Are chronic hand tremors normal or signs of a nervous breakdown? If you ever wonder why your hands shake involuntarily, you’re not alone.
Every day, as many as 10 million Americans suffer from something called essential tremor, or chronic hand tremors, says the U.S. National Library of Medicine. That number might vary widely because people with mild cases learn to live with it.
For people like Alan Dambach, though, living with essential tremor was nearly impossible.
Dambach is a farmer who had put up with his trembling hands for about a decade. But, when the condition started impeding his everyday life, he knew he needed to do something about it, reports NPR.
He was having trouble eating and writing his own signature, which is the breaking point for a farmer with many good working years still ahead. Like many other patients, Dambach lived with his condition until it became debilitating.
The Device That Made a Difference
Before this new device, patients had to take beta blockers or anticonvulsant drugs to control the tremors. If those didn’t work, the only other option was surgery.
Then, in 2016, the U.S. Food and Drug Administration approved a breakthrough treatment for patients that did not respond to normal treatment methods. Patients could now choose to implant a brain stimulation device, says an FDA press release. The device aims to reduce tremors by damaging the thalamus, which is the part of the brain that controls involuntary movement.
While still invasive, the FDA’s new treatment comes as a much more palatable alternative. It uses magnetic resonance imaging (MRI) to target an ultrasound into the brain. Essentially, the treatment kills the specific brain cells that are causing the chronic hand tremors. This is a procedure that sounds more dangerous than it is.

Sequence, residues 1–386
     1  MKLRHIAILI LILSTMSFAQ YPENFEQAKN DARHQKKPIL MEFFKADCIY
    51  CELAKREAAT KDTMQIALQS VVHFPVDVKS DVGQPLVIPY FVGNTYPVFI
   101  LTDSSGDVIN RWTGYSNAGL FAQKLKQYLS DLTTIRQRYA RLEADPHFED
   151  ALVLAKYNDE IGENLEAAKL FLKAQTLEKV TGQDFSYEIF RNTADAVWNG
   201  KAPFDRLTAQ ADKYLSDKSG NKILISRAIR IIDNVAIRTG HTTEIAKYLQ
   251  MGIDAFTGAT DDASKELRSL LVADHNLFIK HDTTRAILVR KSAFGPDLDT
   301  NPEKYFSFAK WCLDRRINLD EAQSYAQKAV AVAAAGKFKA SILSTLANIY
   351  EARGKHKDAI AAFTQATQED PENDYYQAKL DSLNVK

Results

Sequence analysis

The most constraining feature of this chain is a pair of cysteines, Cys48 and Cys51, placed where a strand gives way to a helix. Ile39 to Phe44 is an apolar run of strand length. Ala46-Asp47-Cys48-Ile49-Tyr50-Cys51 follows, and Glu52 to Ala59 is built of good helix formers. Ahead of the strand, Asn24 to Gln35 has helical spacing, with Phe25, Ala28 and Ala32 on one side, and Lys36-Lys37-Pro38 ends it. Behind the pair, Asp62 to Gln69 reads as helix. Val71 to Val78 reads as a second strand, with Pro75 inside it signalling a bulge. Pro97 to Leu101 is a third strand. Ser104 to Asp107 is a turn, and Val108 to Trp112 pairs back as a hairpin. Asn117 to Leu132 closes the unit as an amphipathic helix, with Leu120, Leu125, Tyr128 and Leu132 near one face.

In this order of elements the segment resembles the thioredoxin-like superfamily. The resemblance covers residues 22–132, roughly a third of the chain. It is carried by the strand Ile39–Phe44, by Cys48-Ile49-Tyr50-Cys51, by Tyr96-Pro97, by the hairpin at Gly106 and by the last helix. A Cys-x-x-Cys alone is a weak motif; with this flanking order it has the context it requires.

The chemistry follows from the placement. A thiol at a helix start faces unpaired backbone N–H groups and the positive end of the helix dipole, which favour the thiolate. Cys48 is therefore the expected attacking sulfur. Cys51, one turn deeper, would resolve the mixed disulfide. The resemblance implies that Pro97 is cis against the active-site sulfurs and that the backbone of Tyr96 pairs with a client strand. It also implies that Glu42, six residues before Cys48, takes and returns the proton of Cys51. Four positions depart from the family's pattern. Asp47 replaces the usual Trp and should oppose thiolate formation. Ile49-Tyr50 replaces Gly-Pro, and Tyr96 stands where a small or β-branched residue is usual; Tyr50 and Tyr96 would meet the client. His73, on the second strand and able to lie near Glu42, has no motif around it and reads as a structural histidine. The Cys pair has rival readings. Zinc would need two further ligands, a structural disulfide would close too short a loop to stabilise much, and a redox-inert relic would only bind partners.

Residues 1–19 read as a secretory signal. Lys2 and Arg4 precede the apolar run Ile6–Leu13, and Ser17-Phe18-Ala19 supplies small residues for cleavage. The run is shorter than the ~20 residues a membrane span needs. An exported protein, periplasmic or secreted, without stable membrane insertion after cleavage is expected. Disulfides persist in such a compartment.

During trials, patients showcased huge improvements after the procedure and tremors decreased as much as 50 percent.
For Alan Dambach, the new ultrasound technology turned his life around. After this treatment, Dambach’s chronic hand tremors are nearly resolved, states NPR. Now, he can even write his signature and perform everyday activities, including working on his farm.
Chronic Hand Tremors Vs. Parkinson’s Disease
Many people confuse this chronic condition with the degenerative Parkinson’s disease when diagnosing essential tremor. The two conditions do have some similarities.
For instance, chronic hand tremors are common in Parkinson’s as the disease often starts with a noticeable shake in one hand. But, the disease is also characterized by impaired movement and lack of muscle coordination overall.
As Parkinson’s disease progresses, patients may have trouble balancing, walking, and even controlling facial expression. Early signs include arms that don’t swing when walking, an expressionless face, and feet dragging.
Essential tremor, on the other hand, is not as dangerous or life-threatening. Although the beginning stages can look similar to Parkinson’s, the tremors mainly affect the hands, head, and voice according to the Mayo Clinic.
One main difference between the conditions is that Parkinson’s can affect the legs, face and various other parts of the body too.
According to the U.S. National Library of Medicine, essential tremor usually occurs as a symptom by itself. Chronic hand tremors are most noticeable during walking, eating and drinking, and writing. However, they also appear when hands are held steady and parallel to the ground.
Head tremors may involve a bobbing “yes-yes” or “no-no” motion, but the condition is considered harmless. Treating severe symptoms is the main concern with this condition.
New Treatment Does Involve Some Risks
That said, the new ultrasound treatment doesn’t work for everyone. Side effects of the procedure include numbness, headaches, and problems with balance.
In addition, the FDA press release mentions that patients with bleeding disorders, unstable heart conditions, advanced kidney disease, or drug abuse may not be eligible.
For the rest of the patients, however, this new treatment could change their lives for the better.